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Tuesday, November 30, 2021

Guest Opinion: The View from Orchard Park: On the Coming Demolition

Before they announced that our homes would be demolished, before they started posting increasingly frequent notices on my door reminding me to leave, before my neighbors emptied out their apartments one by one, the University was already attacking Orchard Park. Over the last few years, the UC has raised the rent year after year after year. Housing needs to cost no more than 25 percent of residents’ monthly income in order to be considered “affordable,” and today, an Orchard Park apartment costs around 60 percent of a TA’s monthly income. A community is considered to have an affordable housing crisis when rent consumes more than 30 percent of a resident’s income. But rather than solving the crisis, the UC plans to worsen it by evicting residents from Orchard and Solano Parks.

When the UC first officially announced that Orchard and Solano would be demolished, their announcement hinted at the nature of the proposed changes to graduate student housing when they recommended that Parks residents should “take out loans” to pay for their future housing. We discovered that at a City Council meeting, the University had shown plans for “high-density housing, shopping, and entertainment.” The plans for this development (a P3, or Public Private Partnership) on the site of Solano Park had been presented to the City of Davis before the UC thought to tell current residents the plan.

The University has now shown a series of plans for their “replacements” for Orchard Park. They held two town halls with the residents this past Winter Quarter. Those of us there found the town halls were designed more like a one-way communication than a dialogue with the community. In fact, the University planners and Graduate Dean Gibeling seemed surprised that any residents had strong opinions about the demolition of our homes or the need for affordable housing for graduate students — a need which the Chancellor’s Graduate and Professional Advisory Committee has presented to the Chancellor’s office based on their surveys of student housing needs.

The proposed replacements were clearly luxury apartments, including tanning salons and shopping amenities — quite unlike the sturdy, comfortable apartments we have now, surrounded by grass, trees and community areas. Most worryingly, the projected rents were far above what any grad student could possibly pay. Initially, the UC pitched rents of $1,400 for a two-bedroom — a $500 rent hike over my current rent, and almost my entire monthly income. After the town hall meeting, they “brought down” the rent for a small fraction of the units, but at a rate that is still a significant rent hike for residents paying $906 for a two-bedroom.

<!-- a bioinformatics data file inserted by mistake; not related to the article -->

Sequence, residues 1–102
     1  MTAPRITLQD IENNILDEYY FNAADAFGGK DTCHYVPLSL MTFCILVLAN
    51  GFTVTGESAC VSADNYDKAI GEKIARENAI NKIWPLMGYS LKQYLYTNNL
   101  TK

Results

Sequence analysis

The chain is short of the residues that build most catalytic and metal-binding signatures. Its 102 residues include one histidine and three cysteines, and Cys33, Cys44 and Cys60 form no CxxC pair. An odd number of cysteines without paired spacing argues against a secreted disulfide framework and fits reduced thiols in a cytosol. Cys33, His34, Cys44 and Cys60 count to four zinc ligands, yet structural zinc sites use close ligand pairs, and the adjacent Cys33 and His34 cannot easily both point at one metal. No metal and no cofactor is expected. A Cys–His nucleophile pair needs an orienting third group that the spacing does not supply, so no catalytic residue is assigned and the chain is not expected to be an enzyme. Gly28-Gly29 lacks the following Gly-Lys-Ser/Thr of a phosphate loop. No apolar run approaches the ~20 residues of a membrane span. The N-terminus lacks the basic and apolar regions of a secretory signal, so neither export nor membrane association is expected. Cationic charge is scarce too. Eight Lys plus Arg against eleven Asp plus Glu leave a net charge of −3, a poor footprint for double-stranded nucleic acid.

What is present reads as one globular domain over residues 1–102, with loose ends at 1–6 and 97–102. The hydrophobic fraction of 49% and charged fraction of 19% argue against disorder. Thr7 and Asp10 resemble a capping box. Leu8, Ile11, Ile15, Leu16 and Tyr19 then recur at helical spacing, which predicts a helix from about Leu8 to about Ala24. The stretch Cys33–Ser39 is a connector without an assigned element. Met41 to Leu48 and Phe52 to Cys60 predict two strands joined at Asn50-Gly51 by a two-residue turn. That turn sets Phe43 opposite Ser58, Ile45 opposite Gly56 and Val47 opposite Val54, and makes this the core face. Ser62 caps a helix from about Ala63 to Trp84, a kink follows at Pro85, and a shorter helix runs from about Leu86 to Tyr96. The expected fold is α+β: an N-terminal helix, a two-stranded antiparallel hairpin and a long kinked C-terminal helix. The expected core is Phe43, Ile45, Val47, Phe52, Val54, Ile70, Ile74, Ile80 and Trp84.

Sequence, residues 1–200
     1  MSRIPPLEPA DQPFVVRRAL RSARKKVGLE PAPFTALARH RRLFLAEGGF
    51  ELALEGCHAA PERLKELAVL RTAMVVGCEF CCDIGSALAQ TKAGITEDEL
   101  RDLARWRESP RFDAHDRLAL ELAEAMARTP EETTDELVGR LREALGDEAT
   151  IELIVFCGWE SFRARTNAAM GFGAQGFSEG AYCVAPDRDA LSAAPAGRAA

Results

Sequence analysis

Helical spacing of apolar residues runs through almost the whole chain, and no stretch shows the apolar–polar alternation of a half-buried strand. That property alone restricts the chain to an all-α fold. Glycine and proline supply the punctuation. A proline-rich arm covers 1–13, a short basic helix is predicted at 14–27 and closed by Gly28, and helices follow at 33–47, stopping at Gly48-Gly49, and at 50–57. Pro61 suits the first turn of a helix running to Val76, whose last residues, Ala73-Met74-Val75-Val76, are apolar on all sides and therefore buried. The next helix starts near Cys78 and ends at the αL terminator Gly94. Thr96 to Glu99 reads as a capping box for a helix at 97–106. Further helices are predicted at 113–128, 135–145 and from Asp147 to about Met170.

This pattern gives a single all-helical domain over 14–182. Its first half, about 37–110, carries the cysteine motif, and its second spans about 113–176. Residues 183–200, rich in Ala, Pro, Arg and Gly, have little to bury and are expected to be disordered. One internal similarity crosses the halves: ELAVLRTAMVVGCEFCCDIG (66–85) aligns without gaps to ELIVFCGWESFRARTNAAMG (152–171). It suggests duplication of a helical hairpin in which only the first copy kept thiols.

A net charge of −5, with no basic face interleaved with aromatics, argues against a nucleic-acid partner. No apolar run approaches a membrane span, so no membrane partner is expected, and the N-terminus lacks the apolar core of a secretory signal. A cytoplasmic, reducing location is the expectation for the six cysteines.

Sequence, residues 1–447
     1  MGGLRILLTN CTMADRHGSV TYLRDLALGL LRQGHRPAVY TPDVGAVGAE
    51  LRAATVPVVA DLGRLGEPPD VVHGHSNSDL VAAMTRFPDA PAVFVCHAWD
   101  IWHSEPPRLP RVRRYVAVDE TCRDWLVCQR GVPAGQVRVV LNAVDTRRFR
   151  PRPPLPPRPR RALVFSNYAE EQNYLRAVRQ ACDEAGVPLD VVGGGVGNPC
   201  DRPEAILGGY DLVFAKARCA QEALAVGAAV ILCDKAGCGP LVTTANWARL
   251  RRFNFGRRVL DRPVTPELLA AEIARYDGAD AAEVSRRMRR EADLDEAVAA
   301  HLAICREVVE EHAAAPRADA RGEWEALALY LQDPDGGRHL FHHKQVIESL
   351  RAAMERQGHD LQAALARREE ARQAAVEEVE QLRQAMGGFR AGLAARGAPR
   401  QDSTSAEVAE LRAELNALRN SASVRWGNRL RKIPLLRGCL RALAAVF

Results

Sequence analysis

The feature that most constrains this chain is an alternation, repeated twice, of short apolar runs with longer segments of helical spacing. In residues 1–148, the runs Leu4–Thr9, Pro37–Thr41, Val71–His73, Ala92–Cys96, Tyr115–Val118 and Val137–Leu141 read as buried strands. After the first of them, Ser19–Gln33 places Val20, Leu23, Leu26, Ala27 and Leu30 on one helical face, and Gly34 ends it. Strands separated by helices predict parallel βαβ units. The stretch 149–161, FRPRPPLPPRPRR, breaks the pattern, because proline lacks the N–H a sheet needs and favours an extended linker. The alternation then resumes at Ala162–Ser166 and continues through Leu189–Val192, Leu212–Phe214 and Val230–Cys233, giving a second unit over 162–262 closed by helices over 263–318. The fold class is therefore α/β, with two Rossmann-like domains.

The UC administration recently quietly announced a “pause on planning” of Orchard Park in the face of organizing by the residents against this redevelopment. This pause was long overdue, after years of residents, GSA reps and Chancellor’s advisory committee members telling UC every step of the way that their unaffordable and inaccessible development plan was not suitable for graduate student or student family housing and would contribute to the serious affordable housing crisis in Davis.

The UC has so far not guaranteed any affordable housing to replace the Parks. The planning pause makes things even less clear, and we now have very little idea what the University has in mind for the place where we now live. However, my fellow residents and I are still being asked to submit notices to vacate as soon as possible.

These communities enable us to live in Davis on TA salaries; provide a place for low-income students; enable parents on campus to stay in school and teach sections even when they have young kids at home; and more. All these benefits should recommend them to the University — even from an administrator’s perspective. These are all things that attract students to Davis and let them successfully complete their degrees.

Yet it has become unpleasantly clear that from the administration’s perspective, our tree-shaded homes are an eyesore at their beloved “gates to campus.” Our housing, because it long ago “paid” for its own construction, is not moving around enough investment capital. Our ability to live on our meager paychecks is blocking our capacity to take out more student loans.

We are among the last affordable, community-oriented housing left on campus. We live in a place that should be the future of this University, but the University treats us like we’re already gone. That’s why we’re gathering for a Party for the Parks from 12 p.m. to 5 p.m. on May 22, including community dialogues and speak-outs on affordable housing, activities for kids, a barbecue, potluck lunch and games. We’ll meet at the MU flagpole at 12 p.m. See you there.

Caroline McKusick
Ph.D. Student, Anthropology, UC Davis
Orchard Park resident

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